No hypertension

Untreated hypertension

Treated hypertension


3.5 (2.8–4.1)

10.6 (7.3–14.0)

24.9 (21.2–28.7)



2.8 (2.1–3.5)

12.9 (6.1–19.7)

22.7 (18.5–26.9)


4.2 (3.2–5.2)

9.2 (5.6–12.7)

28.0 (23.9–32.1)


25–44 years

1.0 (0.6–1.4)

1.3 (0.0–3.6)

2.2 (0.0–5.2)

45–64 years

3.9 (2.9–4.8)

5.7 (3.2–8.2)

16.1 (13.4–18.8)

≥ 65 years

22.7 (18.1–27.4)

20.8 (15.6–26.0)

33.7 (28.0–39.4)

Body mass index


2.7 (1.8–3.6)

10.1 (5.9–14.4)

27.7 (20.6–34.7)


4.3 (3.0–5.6)

10.5 (7.3–13.7)

27.8 (23.4–32.2)


4.2 (2.9–5.6)

11.0 (5.1–17.0)

20.0 (14.4–25.5)

Diabetes mellitus


3.0 (2.5–3.6)

8.4 (6.0–10.8)

23.1 (19.6–26.6)


18.3 (14.0–22.6)

24.1 (14.4–33.8)

31.1 (22.7–39.4)



2.2 (1.5–2.8)

10.0 (5.8–14.1)

19.1 (11.7–26.4)


6.2 (4.8–7.6)

11.3 (7.7–14.8)

28.9 (24.8–32.9)

Current smoking


3.5 (2.8–4.3)

11.2 (7.5–14.9)

24.2 (20.1–28.4)


2.8 (1.7–4.0)

5.1 (0.5–9.6)

27.4 (18.8–35.9)

Excessive alcohol intake


3.5 (2.7–4.3)

11.9 (8.2–15.6)

25.5 (20.5–30.5)


1.6 (0.8–2.4)

3.5 (1.4–5.7)

22.7 (17.8–27.7)

Insufficient physical activity


3.3 (2.5–4.1)

10.9 (7.1–14.7)

21.7 (16.7–26.7)


3.7 (3.0–4.4)

10.2 (6.6–13.8)

27.7 (22.4–33.0)

Data relating to body mass index, diabetes mellitus, hyperlipidaemia, smoking, alcohol intake and activity level were not available for all participants.

3: Prevalence (per 100 population; 95% CI) of a predicted 10-year risk of cardiovascular disease of ≥ 20% among participants without cardiovascular disease, by clinical and lifestyle factors and hypertension category (n = 10 167)

No hypertension

Untreated hypertension

Treated hypertension


5.2 (4.1–6.4)

48.0 (41.3–54.6)

50.6 (46.4–54.8)



2.2 (1.3–3.1)

38.7 (29.8–47.6)

40.7 (33.0–48.4)


8.6 (6.8–10.5)

53.7 (46.9–60.5)

65.7 (61.3–70.0)


25–44 years

0.2 (0.0–0.4)

4.2 (1.8–6.5)

2.4 (0.0–5.9)

45–64 years

9.0 (6.7–11.3)

38.9 (31.2–46.6)

30.6 (24.5–36.7)

≥ 65 years

40.3 (35.3–45.4)

87.4 (82.8–92.1)

76.2 (70.0–82.3)

Body mass index


3.0 (2.1–3.9)

43.7 (34.8–52.6)

54.0 (45.4–62.6)


6.9 (5.2–8.5)

51.1 (43.5–58.7)

53.0 (46.7–59.3)


8.8 (5.9–11.7)

47.4 (39.2–55.6)

45.6 (39.4–51.8)

Diabetes mellitus


4.0 (3.2–4.7)

42.2 (35.4–48.9)

41.0 (35.4–46.7)


53.4 (39.2–67.6)

92.8 (88.5–97.0)

85.7 (80.1–91.3)



2.8 (2.0–3.5)

41.1 (33.9–48.2)

44.4 (38.1–50.8)


10.6 (8.5–12.7)

54.7 (47.2–62.1)

55.2 (50.5–60.0)

Current smoking


3.9 (3.0–4.9)

46.7 (41.2–52.3)

49.5 (45.0–54.0)


10.5 (7.4–13.7)

55.6 (40.7–70.5)

59.4 (39.1–79.8)

Excessive alcohol intake


5.1 (4.1–6.1)

48.0 (41.5–54.5)

47.5 (42.9–52.0)


5.0 (3.1–6.8)

44.8 (34.8–54.9)

55.3 (46.6–63.9)

Insufficient physical activity


4.6 (3.5–5.7)

50.5 (40.2–60.8)

48.8 (44.4–53.3)


6.0 (4.5–7.5)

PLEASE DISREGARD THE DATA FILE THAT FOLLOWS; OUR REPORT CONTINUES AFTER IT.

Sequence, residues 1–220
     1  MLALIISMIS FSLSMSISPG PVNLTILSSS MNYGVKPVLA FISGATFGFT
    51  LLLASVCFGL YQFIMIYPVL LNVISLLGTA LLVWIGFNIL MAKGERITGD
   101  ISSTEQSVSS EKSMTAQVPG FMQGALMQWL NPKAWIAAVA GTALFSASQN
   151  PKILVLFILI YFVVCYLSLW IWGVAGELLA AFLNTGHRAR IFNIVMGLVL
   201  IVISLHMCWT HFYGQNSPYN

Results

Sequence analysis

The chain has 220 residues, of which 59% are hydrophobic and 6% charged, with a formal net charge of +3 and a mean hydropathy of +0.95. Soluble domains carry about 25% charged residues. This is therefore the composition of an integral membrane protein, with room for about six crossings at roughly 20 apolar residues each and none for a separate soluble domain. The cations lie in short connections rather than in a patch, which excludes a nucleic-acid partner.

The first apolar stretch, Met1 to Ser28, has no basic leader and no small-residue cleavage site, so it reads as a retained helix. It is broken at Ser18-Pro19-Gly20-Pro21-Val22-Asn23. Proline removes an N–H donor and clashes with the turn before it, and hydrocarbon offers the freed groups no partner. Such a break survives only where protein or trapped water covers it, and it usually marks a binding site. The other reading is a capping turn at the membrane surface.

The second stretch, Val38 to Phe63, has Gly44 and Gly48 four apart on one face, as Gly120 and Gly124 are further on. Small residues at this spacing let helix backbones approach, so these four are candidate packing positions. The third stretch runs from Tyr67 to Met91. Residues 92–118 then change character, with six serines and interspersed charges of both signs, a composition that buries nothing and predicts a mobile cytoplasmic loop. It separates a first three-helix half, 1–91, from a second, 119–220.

45.5 (40.6–50.5)

52.7 (46.0–59.5)

Data relating to body mass index, diabetes mellitus, hyperlipidaemia, smoking, alcohol intake and activity level were not available for all participants.

Received 23 December 2002, accepted 2 June 2003

  • Esther M Briganti1
  • John J McNeil2
  • Jonathan E Shaw3
  • Paul Z Zimmet4
  • Steven J Chadban5
  • Robert C Atkins6
  • Timothy A Welborn7

  • 1 Department of Epidemiology and Preventive Medicine, Monash University, Melbourne, VIC.
  • 2 International Diabetes Institute, Melbourne, VIC.
  • 3 Department of Nephrology, Monash Medical Centre, Melbourne, VIC.
  • 4 Department of Endocrinology and Diabetes, Sir Charles Gairdner Hospital, Perth, WA.



We are grateful for the support of the then Australian Department of Health and Aged Care, Abbott Australasia, Alphapharm, Aventis Pharma, AstraZeneca, Bristol-Myers Squibb Pharmaceuticals, Eli Lilly (Aust), GlaxoSmithKline Australia, Janssen-Cilag, Merck Lipha, Merck Sharp & Dohme (Aust), Novartis Pharmaceutical Australia, Novo Nordisk Pharmaceuticals, Pharmacia and Upjohn, Pfizer, Roche Diagnostics Australia, Sanofi-Synthelabo Australia, Servier Laboratories (Aust), BioRad Laboratories, HITECH Pathology, the Australian Kidney Foundation, Diabetes Australia, Diabetes Australia (Northern Territory), Queensland Health, South Australian Department of Human Services, Tasmanian Department of Health and Human Services, Territory Health Services, Victorian Department of Human Services and Health Department of Western Australia. Also, for their invaluable contribution to the field activities of AusDiab, we are grateful to Annie Allman, Marita Dalton, Adam Meehan, Claire Reid, Alison Stewart, Robyn Tapp and Fay Wilson.

Competing interests:

None identified. The funding companies were not involved in the study design, data collection, analysis or interpretation, or writing of the article. The companies had no control or influence over the decision to submit the final manuscript for publication.